With 17,425,170 digits, the newly discovered largest prime number exceeds most people’s imaginative capabilities. Far surpassing the previous record, a number over 12,000,000 digits, this new number is part of the perpetual quest for newer and larger prime numbers. The discoverer, Curtis Cooper, is no stranger to the search for prime numbers. This is his third discovery.
But what’s the point? Why find impossibly large prime numbers? It isn’t as if the organization searching for it, the Great Internet Marsenne Prime Search, offers significant compensation — $3,000 for each number found. Confirming the number to be a true prime alone took 39 days, never mind the time it took to calculate and find it in the first place.
According to Prof. Ravi Ramakrishna, Mathematics, “large prime numbers are used to make encryption algorithms more secure.” Large prime numbers end up being used as cryptogram-like keys to make access to sensitive data extremely difficult for outside people. The RSA algorithm, named after its creators, Rivest, Shamir and Adleman, utilizes large prime numbers in this manner.
According to Ramakrishna, the RSA algorithm relies on the fact that it is relatively easy to discover large prime numbers but much harder to factor larger numbers into primes. That is, a computer can potentially use less computation to figure out the next highest prime number than to try to factor down an equally long number to its primes. The algorithm is most commonly used in credit card encryption over the Internet.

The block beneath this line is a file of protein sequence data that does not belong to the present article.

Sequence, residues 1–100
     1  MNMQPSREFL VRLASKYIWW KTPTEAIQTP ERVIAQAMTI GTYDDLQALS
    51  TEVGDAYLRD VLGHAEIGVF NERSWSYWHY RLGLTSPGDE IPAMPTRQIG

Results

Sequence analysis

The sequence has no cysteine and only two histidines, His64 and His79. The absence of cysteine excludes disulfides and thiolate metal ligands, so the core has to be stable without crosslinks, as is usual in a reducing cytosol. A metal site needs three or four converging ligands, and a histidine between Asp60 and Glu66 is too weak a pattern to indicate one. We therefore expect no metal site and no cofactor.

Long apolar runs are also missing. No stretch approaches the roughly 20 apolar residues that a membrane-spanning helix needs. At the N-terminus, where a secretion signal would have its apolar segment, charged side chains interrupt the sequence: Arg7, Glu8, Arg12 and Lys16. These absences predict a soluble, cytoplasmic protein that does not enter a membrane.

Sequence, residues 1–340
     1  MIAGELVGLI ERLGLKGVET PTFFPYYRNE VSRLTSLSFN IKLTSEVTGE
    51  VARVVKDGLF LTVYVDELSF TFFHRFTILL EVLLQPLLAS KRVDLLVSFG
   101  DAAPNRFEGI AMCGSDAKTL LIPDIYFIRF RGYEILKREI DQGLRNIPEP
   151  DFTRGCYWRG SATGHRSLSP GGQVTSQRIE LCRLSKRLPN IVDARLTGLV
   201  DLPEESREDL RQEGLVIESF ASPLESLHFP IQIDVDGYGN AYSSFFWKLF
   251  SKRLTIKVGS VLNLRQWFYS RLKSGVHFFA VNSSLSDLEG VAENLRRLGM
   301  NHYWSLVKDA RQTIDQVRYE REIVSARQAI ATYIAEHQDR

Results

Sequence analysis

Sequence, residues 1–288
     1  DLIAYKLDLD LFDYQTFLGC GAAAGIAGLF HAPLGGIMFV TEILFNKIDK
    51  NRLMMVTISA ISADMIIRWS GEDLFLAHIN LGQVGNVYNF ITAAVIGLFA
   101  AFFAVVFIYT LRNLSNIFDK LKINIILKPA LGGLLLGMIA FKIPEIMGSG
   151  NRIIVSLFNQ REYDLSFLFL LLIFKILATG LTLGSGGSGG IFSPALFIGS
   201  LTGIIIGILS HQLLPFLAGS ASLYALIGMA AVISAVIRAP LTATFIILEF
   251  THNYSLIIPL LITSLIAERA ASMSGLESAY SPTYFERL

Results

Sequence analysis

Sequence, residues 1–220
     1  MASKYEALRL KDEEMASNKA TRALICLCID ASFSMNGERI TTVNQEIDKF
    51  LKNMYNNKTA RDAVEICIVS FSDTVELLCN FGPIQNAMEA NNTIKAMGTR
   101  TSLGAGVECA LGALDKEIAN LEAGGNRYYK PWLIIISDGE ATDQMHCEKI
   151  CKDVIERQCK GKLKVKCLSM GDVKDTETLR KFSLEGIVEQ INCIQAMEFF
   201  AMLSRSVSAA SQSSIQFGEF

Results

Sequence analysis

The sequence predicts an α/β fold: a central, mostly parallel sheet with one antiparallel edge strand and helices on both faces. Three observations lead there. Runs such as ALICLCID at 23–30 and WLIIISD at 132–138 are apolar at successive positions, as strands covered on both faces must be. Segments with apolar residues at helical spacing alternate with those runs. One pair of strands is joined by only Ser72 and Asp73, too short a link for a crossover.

Despite the practical application of large prime numbers, this new 17,000,000 digit one will probably be tucked away for quite some time. Encryption does not currently require the use of such big prime numbers.
“The scale of ‘big’ for those purposes is nowhere near that of this latest prime. A few hundred (or maybe thousand) digits suffices for these purposes,” Ramakrishna said. A number of that magnitude will likely not be needed for at least another next century. Yet, quantum computing is an expanding field. There may be a use for the number that we are simply not yet aware of. For now, the search for the next largest prime number continues.
With a new largest prime number being recorded every year, it may seem to be a pointless journey with no true ending. So why do people still do it?
According to Ramakrishna, “it’s the same reason we try to run a faster mile, climb a higher mountain, fly a plane faster — to see if we can!”
Original Author: Yvonne Huang